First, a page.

The Immortality Of The Soul

It is normal to believe that you have lost someone you love when that person’s physical body ceases to function. However, we never “lose” anyone because we never cease to exist. A person does not have a soul, a person is the soul, and the soul is immortal.

When asked about his belief in life after death, Mark said, “I believe in God, in Heaven which I call The Other Side, in an Afterlife, and in the immortality of our souls. I also know it is possible to contact those who have crossed over to The Other Side. How you choose to believe in God, and how you interpret spiritual immortality, is always deeply personal.”

When asked, “Why we must endure the pain of losing a loved one?” Mark replied, “I don’t know if anyone on this side of existence can really explain that. But I do know, death isn’t sad for the one who died. It’s only sad for those left behind. Physical death is the transformation our souls must go through to achieve the elevated state of existence, which is spiritual freedom. I’ve found a poem entitled, ‘I’m Free’ by a Christian poet, Shannon Lee Moseley, which does a beautiful job of explaining this. I’ve found it comforting during a time of loss.”

Don’t grieve for me, for now I’m free.
I’m following the path God laid for me.
I took God’s hand when I heard the call;
I turned my back and left it all.

I could not stay another day,
To laugh, to love, to work, to play.
Tasks left undone must stay that way,
I found that place at the close of day.

If my parting has left a void,
Then fill it with remembered joy.
A friendship shared, a laugh, a kiss.
Ah yes, these things, I too, will miss.

Be not bothered with times of sorrow,
I wish you the sunshine of tomorrow,
My life’s been full, I savored much,
Good friends, good times, a loved one’s touch.

Perhaps my time seemed all too brief;
Don’t lengthen it now with undo grief.
Lift up your heart and share with me,
God wanted me now, God set me free.

As one who communicates with spirits of those who have crossed to The Other Side, Mark believes our faith can guide us to an uplifting perspective on death. “What frightens many people about death is the perception it’s the end.” Mark said, “A more positive way to look at physical death is that it’s a new beginning. No one should ever intentionally cut his or her life short. We are here to learn, and everyone must go through all of the trials, tribulations, and life lessons that are before us. When we have completed the lessons as God intended, we return to God.”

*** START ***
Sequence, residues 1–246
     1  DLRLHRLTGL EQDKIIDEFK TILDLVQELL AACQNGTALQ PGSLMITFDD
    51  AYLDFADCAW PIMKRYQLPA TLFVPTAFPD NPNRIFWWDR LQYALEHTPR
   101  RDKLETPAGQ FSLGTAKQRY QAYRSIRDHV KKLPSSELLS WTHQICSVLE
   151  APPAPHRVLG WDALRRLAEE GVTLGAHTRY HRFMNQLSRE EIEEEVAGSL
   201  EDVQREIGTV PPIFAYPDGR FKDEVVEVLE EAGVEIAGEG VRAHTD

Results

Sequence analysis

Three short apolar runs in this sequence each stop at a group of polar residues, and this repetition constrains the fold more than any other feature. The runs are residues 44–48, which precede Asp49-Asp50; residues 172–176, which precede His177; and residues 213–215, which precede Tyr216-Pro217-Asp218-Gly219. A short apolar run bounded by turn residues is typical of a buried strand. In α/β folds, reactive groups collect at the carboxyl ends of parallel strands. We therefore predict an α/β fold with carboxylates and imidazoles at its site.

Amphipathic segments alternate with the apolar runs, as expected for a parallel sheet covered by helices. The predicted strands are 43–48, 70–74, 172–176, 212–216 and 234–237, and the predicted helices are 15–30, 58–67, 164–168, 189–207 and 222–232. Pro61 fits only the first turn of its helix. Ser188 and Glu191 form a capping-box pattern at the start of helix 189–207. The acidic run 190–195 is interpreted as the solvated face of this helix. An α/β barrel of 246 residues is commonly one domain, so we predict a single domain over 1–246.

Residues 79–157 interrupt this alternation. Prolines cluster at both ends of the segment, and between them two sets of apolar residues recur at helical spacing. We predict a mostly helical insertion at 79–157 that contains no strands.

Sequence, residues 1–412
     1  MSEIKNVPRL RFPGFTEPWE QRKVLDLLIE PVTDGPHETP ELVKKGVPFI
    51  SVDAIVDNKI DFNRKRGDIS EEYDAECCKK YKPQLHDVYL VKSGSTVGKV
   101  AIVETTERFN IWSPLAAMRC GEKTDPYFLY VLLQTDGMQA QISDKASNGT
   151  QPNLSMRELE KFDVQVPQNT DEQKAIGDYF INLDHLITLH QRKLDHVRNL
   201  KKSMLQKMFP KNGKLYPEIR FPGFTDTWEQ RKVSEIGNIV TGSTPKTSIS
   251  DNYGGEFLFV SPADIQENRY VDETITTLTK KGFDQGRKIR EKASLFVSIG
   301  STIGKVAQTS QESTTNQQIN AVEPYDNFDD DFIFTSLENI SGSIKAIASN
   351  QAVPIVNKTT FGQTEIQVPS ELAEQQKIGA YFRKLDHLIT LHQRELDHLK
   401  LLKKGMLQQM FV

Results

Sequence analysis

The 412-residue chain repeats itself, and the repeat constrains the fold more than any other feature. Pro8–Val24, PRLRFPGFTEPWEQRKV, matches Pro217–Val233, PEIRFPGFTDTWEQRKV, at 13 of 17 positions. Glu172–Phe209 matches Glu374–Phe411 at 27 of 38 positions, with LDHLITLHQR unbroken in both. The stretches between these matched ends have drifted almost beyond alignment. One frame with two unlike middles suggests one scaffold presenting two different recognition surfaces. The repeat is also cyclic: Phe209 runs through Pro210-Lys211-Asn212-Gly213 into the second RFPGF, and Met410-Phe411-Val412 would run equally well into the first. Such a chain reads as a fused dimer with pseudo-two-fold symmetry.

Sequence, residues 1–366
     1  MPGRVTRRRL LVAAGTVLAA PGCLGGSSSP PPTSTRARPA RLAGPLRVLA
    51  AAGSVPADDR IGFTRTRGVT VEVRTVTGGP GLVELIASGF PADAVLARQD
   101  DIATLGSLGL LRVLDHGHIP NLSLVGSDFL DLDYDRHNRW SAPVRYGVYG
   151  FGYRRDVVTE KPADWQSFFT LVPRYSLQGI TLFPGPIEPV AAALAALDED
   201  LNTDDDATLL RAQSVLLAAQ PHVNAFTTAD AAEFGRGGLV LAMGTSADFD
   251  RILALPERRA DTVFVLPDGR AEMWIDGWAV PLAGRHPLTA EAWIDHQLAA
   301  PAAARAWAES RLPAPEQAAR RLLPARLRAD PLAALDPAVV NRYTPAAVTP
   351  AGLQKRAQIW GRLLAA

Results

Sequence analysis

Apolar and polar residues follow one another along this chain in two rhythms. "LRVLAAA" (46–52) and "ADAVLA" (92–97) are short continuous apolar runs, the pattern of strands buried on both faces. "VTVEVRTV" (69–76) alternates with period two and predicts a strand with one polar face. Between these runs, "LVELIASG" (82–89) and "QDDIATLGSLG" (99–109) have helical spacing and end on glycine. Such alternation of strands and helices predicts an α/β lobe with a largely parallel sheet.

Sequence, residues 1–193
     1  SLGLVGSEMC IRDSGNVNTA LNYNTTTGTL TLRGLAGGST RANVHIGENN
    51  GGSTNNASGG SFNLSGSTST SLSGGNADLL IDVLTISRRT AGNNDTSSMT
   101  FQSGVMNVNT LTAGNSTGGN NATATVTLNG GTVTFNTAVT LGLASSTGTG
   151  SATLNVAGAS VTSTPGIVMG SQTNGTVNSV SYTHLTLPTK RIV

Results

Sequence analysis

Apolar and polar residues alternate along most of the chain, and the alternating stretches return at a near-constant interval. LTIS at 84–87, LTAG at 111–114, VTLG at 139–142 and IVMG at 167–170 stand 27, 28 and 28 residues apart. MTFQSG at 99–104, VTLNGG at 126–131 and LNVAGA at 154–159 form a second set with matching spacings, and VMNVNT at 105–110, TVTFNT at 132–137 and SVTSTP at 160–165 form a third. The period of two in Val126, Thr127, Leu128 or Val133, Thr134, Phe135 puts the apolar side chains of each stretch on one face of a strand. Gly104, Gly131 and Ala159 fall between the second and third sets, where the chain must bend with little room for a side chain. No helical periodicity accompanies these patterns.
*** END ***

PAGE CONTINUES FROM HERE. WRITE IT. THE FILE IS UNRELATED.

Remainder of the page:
“My mother was Roman Catholic and my father was Baptist, so I was raised in a Christian environment,” Mark explained, “I accept the teachings of Jesus, and I believe we are all the children of God, and that we were created in the image of God. God is the immortal spiritual being, and our spirits were created in God’s image, a spirit which lives on even after bodily death. Because we are spirits temporarily encased in a physical body, when that physical body ceases to function, we return to our immortal existence with God.”

The dust returns to the earth as it was, and the spirit returns to God who gave it.
Judaism and Christianity. Ecclesiastes 12.7

Do not store up for yourselves treasures on earth, where moth and decay destroy, and thieves break in and steal. But store up treasures in heaven, where neither moth nor decay destroy, nor thieves break in and steal. For where your treasure is, there also will your heart be.
Christianity. Matthew 6:19-21

As a scholar, Mark has found most religions of the world agree there is an Afterlife. To fully understand all the religions of the world would take lifetimes, yet most of these religions have overlapping teachings. As the spiritually-oriented Beatle, the late George Harrison once said, “All religions are branches of one big tree. It doesn’t matter what you call Him, just as long as you call.” Despite their other philosophical and cultural differences, most major religions agree that physical death does not end spiritual existence.

The body is the sheath of the soul.
Judaism. Talmud, Sanhedrin 108a

You prefer this life, although the life to come is better and more enduring.All this is written in
earlier scriptures; the scriptures of Abraham and Moses.
Islam. Qur’an 87.16-19

Now my breath and spirit goes to the Immortal, and this body ends in ashes;
OM. O Mind! Remember. Remember the deeds. Remember the actions.
Hinduism. Isha Upanishad 17

One who identifies himself with his soul regards bodily transmigration of his soul
at death fearlessly, like changing one cloth for another.